The *linspace* operator is similar to *arange*, but instead of taking a step size $\Delta x$ as an argument, it instead takes the desired number $n$ of points.

Let's do an example:

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x = np.linspace(1,10,18, endpoint=False) x

The output of the above example is the same as the one before: 18 evenly spaced numbers beginning at 1 and increasing by increments of $\Delta x = 0.5$. The `endpoint=False`

argument tells the function that I do not want the endpoint `10`

to be included in the abscissa list. (Try deleting that part and rerunning the command.)

Whether we use `linspace`

or `arange`

is mostly a matter of preference. In this document I will tend to use `arange`

.

You should be familiar with plotting pairs of abscissae and ordinates to make a visual description of an equation (aka a *graph*). Below you can see how to use the matplotlib library to turn the lists `x`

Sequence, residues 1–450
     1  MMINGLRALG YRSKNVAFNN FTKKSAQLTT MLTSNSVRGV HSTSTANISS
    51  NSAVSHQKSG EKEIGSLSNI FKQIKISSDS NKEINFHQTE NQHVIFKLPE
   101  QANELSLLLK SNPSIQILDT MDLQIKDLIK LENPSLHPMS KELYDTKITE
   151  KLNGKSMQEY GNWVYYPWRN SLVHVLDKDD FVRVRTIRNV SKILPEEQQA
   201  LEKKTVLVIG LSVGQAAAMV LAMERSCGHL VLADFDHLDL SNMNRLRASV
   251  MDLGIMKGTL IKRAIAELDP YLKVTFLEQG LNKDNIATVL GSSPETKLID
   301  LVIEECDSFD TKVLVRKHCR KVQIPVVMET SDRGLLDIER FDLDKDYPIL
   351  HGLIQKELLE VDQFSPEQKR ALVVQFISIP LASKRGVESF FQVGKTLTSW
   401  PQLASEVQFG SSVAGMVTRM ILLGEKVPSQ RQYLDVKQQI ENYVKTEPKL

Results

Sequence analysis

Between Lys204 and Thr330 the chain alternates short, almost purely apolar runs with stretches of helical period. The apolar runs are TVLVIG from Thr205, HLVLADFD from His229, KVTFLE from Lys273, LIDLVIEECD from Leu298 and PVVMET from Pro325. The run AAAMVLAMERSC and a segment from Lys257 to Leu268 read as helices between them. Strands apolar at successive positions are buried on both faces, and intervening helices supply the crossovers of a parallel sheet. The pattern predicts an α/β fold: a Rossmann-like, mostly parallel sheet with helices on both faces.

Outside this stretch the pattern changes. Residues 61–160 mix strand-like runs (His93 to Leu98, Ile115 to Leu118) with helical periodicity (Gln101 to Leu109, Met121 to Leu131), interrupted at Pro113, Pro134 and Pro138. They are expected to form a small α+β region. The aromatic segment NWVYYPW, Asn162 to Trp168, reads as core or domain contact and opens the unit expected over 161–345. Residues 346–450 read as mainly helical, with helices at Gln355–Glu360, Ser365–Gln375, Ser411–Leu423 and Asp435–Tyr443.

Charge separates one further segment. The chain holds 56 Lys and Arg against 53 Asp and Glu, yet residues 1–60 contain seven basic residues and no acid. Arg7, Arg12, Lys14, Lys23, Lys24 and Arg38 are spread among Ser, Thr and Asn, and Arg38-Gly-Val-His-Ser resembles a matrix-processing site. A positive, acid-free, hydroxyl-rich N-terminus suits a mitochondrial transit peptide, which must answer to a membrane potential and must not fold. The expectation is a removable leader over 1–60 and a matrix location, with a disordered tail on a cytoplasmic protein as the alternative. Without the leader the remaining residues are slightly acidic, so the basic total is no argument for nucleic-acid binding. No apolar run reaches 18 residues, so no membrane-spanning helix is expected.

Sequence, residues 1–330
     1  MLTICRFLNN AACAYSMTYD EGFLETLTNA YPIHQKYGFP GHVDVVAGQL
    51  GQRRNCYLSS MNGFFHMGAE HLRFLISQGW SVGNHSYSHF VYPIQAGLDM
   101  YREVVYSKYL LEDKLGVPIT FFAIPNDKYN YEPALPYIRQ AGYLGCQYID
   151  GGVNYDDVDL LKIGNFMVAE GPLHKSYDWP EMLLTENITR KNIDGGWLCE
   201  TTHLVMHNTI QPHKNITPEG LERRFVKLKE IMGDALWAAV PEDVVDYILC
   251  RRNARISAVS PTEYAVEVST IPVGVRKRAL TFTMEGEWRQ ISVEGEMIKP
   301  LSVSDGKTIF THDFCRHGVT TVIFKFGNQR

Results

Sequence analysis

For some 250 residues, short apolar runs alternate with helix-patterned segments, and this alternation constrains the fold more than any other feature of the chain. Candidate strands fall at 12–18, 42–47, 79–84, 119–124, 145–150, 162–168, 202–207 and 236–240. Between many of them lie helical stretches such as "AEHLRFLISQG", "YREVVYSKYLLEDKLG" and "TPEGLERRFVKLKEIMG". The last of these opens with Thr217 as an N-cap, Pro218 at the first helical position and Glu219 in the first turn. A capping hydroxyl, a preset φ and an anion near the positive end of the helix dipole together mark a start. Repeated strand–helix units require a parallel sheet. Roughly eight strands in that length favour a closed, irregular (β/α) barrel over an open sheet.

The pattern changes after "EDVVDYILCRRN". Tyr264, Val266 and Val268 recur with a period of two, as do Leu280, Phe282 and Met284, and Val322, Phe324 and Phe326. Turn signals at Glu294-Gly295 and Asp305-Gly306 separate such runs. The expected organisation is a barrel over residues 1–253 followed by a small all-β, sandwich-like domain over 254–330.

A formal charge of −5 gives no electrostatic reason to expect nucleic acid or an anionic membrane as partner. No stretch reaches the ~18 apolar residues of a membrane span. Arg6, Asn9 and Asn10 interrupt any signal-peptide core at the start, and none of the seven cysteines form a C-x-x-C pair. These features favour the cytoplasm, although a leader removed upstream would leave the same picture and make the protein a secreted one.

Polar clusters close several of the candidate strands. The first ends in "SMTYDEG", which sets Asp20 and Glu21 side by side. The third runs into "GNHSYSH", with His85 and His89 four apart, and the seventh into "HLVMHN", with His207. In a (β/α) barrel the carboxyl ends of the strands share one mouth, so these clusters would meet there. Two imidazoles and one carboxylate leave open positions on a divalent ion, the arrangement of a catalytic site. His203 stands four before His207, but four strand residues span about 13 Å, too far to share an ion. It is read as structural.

and `y`

into a familiar graph.

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%matplotlib inline import matplotlib.pyplot as plt x = np.arange(0,10,0.1) y = x**3 plt.plot(x,y) plt.title(r"The graph $y=x^3$") plt.show()

Now that we have a little familiarity with numpy and vectorization, let's revisit Leibniz's central insight, which we mentioned in the first cell.

Here it is as expressed in Katz:

Leibniz considered a curve defined over an interval divided into subintervals and erected ordinates $y_i$ over each point $x_i$ in the division. If one forms the sequence $\{dy_i\}$ of differences of these ordinates, its sum $\sum_i dy_i$, is equal to the difference $y_n-y_0$ of the final and initial ordinates.